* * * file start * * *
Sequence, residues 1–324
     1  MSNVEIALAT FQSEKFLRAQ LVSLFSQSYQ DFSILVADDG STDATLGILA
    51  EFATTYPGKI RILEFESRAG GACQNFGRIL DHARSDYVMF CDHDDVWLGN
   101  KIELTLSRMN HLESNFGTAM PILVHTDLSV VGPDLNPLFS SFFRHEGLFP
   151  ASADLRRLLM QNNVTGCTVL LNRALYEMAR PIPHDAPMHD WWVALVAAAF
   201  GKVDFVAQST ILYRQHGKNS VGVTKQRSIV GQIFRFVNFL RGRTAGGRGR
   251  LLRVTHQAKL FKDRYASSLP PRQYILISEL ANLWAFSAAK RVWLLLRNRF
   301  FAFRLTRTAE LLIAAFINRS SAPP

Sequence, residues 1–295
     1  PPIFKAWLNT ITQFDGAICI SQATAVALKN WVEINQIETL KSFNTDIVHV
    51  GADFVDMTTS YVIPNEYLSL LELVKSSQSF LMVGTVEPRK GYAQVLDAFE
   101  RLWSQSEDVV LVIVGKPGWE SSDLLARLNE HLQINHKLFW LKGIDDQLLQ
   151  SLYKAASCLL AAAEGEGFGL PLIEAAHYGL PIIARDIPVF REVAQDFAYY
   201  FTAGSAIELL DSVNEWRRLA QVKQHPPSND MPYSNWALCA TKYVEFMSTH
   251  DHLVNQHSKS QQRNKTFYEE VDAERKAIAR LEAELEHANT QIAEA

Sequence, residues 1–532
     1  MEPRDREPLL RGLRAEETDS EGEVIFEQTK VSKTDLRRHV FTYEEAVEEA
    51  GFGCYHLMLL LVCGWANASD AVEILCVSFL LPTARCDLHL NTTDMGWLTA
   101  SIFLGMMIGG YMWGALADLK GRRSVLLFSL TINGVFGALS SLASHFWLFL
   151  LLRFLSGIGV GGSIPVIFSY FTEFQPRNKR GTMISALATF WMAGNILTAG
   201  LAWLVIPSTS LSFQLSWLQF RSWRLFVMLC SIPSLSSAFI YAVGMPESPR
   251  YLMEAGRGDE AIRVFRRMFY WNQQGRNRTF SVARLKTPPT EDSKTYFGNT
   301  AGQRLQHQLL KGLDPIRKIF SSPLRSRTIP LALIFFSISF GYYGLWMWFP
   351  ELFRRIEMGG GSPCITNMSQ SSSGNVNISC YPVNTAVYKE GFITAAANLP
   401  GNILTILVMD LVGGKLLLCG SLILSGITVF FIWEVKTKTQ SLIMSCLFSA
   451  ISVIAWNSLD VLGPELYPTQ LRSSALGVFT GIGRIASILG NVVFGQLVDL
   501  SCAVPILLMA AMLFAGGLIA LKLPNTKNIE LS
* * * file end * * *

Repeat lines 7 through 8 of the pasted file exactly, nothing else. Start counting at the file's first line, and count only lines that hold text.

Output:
   251  LLRVTHQAKL FKDRYASSLP PRQYILISEL ANLWAFSAAK RVWLLLRNRF
   301  FAFRLTRTAE LLIAAFINRS SAPP